Three-dimensional (3D) immersive virtual worlds have been touted as being capable of facilitating highly interactive, engaging, multimodal learning experiences. Much of the evidence gathered to support these claims has been anecdotal but the potential that these environments hold to solve traditional problems in online and technology-mediated education—primarily learner isolation and student disengagement—has resulted in considerable investments in virtual world platforms like Second Life, OpenSimulator, and Open Wonderland by both professors and institutions. To justify this ongoing and sustained investment, institutions and proponents of simulated learning environments must assemble a robust body of evidence that illustrates the most effective use of this powerful learning tool.
In this authoritative collection, a team of international experts outline the emerging trends and developments in the use of 3D virtual worlds for teaching and learning. They explore aspects of learner interaction with virtual worlds, such as user wayfinding in Second Life, communication modes and perceived presence, and accessibility issues for elderly or disabled learners. They also examine advanced technologies that hold potential for the enhancement of learner immersion and discuss best practices in the design and implementation of virtual world-based learning interventions and tasks. By evaluating and documenting different methods, approaches, and strategies, the contributors to Learning in Virtual Worlds offer important information and insight to both scholars and practitioners in the field.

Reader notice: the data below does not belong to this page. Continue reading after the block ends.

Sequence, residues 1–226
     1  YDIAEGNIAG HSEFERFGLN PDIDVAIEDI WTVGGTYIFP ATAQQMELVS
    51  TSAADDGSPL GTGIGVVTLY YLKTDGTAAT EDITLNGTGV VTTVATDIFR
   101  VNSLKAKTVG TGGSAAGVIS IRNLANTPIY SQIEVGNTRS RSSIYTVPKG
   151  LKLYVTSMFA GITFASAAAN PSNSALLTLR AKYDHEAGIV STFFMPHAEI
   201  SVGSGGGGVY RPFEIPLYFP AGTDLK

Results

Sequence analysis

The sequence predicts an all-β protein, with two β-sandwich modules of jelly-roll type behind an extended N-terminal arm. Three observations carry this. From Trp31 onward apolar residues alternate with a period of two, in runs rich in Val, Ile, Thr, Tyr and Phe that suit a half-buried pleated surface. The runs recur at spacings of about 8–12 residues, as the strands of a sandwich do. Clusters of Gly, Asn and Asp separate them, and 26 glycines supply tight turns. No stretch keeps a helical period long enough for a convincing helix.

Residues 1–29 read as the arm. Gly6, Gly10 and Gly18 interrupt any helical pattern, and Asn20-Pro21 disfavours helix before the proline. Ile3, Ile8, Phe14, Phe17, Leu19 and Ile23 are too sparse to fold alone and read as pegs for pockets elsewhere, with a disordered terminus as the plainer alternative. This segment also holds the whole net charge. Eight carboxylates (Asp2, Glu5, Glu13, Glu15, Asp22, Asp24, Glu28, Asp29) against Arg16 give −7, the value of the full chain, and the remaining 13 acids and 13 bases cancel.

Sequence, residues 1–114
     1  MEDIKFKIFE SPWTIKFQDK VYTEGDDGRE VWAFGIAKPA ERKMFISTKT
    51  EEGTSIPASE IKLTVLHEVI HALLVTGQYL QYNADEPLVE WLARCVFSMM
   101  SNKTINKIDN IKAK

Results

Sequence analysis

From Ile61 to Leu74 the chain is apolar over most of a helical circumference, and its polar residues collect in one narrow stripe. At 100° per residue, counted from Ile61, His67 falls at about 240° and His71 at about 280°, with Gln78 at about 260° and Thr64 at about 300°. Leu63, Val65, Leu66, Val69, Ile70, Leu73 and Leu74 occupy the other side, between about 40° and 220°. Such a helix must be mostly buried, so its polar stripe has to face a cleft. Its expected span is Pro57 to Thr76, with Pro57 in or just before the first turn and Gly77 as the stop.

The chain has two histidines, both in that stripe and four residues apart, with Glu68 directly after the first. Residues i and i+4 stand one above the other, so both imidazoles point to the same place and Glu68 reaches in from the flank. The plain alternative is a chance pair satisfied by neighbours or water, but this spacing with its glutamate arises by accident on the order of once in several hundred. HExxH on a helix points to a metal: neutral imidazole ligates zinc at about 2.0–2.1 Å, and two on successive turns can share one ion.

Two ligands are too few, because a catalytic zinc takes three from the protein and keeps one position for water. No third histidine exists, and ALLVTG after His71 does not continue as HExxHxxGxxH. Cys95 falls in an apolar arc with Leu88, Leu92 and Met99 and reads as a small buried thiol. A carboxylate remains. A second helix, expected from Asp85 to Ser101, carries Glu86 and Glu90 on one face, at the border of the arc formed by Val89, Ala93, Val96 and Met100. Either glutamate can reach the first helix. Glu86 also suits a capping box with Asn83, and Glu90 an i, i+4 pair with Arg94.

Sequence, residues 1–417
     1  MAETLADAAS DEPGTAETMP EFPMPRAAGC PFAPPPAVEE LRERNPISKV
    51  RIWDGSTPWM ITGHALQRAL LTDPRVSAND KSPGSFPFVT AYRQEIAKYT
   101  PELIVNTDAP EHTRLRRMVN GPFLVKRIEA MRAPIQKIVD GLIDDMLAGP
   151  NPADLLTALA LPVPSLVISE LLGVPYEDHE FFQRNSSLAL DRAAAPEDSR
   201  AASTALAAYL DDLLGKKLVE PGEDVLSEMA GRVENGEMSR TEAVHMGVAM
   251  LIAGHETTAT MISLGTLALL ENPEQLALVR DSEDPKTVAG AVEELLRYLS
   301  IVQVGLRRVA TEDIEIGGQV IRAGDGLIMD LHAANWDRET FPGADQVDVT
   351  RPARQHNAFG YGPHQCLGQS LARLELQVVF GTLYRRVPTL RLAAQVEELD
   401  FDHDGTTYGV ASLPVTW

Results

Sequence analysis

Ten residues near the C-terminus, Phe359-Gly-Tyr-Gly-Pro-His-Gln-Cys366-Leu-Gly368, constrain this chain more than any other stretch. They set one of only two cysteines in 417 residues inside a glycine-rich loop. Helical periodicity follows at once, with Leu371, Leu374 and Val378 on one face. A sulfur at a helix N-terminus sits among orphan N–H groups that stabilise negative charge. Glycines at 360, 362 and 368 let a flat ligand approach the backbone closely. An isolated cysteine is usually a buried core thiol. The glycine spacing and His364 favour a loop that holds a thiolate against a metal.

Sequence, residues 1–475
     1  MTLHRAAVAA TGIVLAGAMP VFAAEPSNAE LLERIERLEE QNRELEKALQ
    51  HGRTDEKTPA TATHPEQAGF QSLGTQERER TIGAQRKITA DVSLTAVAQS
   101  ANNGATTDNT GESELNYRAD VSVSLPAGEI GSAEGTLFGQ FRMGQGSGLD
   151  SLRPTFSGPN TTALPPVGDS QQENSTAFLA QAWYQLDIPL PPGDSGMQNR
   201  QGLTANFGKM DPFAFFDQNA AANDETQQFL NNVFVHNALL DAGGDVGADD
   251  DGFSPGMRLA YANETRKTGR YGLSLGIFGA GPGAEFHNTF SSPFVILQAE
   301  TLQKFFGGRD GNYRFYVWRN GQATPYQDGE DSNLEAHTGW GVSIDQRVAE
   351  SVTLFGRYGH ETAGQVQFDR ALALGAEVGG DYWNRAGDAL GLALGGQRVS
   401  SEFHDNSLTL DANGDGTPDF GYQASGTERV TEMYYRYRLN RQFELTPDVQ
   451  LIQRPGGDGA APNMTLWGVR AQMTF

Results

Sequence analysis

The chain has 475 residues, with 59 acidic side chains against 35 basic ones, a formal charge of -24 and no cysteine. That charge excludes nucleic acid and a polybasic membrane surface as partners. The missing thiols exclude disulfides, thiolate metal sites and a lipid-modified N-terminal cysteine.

Contributors include Paul M. Baker, Francesca Bertacchini, Leanne Cameron, Chris Campbell, Helen S. Farley, Laura Fedeli, Sue Gregory, Christopher Hardy, Bob Heller, Vicki Knox, Shailey Minocha, Jessica Pater, Margarita Pérez García, Mike Procter, Torsten Reiners, Paul Resta, Corbin Rose, Miri Shonfeld, Ann Smith, Layla F. Tabatabaie, Assunta Tavernise, Robert L. Todd, Steven Warburton, and Stephany F. Wilkes.
Table of Contents
|List of Abbreviations||8|
|List of Tables and Figures||10|
|PART ONE: HUMAN–COMPUTER INTERACTION||30|
|1 Navigation and Wayfinding in Learning Spaces in 3D Virtual Worlds||32|
|2 Communication Modality, Learning, and Second Life||72|
|3 Virtual Body: Implications for Identity, Interaction, and Didactics||96|
|4 (In)Accessible Learning in Virtual Worlds||116|
|5 Benefits of Second Life in the Ageing Population||146|
|6 The Reality of Authentic Learning in Virtual Worlds||158|
|PART TWO: ADVANCED TECHNOLOGY||180|
|7 Conversational Agents in Second Life: Freudbot||182|
|8 Virtual Bots: Their Influence on Virtual Worlds, and How They Can Increase Interactivity and Immersion through VirtualPREX||196|
|PART THREE: LEARNING DESIGN AND IMPLEMENTATION||220|
|9 Analyzing Teaching Practices in Second Life: A Design Taxonomy for the Implementation of Workshops in Virtual Worlds||222|
|10 Netconnect Virtual Worlds: Results of a Learning Experience||256|
|11 Scaffolding Learning Through the Use of Virtual Worlds||270|
|12 Challenges and Strategies in Designing Cross-national Learning: Team Projects in Virtual Worlds||290|
|13 Introduction to Laws Relevant to Virtual Worlds in Higher Education||304|
|List of Contributors||336|